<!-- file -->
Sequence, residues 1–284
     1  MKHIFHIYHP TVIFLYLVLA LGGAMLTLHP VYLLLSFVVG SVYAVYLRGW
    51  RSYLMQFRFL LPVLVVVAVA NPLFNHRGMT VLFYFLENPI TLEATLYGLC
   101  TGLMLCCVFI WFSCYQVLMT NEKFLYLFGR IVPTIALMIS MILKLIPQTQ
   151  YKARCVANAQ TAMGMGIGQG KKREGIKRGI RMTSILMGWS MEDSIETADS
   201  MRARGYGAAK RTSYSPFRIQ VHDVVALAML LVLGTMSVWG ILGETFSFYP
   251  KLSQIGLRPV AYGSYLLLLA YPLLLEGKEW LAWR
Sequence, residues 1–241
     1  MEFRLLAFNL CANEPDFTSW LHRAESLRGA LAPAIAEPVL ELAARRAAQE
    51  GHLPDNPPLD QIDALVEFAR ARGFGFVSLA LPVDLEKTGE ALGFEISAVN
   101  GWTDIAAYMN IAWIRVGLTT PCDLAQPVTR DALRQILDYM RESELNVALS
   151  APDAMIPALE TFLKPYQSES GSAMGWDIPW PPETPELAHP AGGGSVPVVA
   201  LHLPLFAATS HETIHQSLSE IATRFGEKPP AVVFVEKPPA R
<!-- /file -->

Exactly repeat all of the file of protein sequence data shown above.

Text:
Sequence, residues 1–284
     1  MKHIFHIYHP TVIFLYLVLA LGGAMLTLHP VYLLLSFVVG SVYAVYLRGW
    51  RSYLMQFRFL LPVLVVVAVA NPLFNHRGMT VLFYFLENPI TLEATLYGLC
   101  TGLMLCCVFI WFSCYQVLMT NEKFLYLFGR IVPTIALMIS MILKLIPQTQ
   151  YKARCVANAQ TAMGMGIGQG KKREGIKRGI RMTSILMGWS MEDSIETADS
   201  MRARGYGAAK RTSYSPFRIQ VHDVVALAML LVLGTMSVWG ILGETFSFYP
   251  KLSQIGLRPV AYGSYLLLLA YPLLLEGKEW LAWR
Sequence, residues 1–241
     1  MEFRLLAFNL CANEPDFTSW LHRAESLRGA LAPAIAEPVL ELAARRAAQE
    51  GHLPDNPPLD QIDALVEFAR ARGFGFVSLA LPVDLEKTGE ALGFEISAVN
   101  GWTDIAAYMN IAWIRVGLTT PCDLAQPVTR DALRQILDYM RESELNVALS
   151  APDAMIPALE TFLKPYQSES GSAMGWDIPW PPETPELAHP AGGGSVPVVA
   201  LHLPLFAATS HETIHQSLSE IATRFGEKPP AVVFVEKPPA R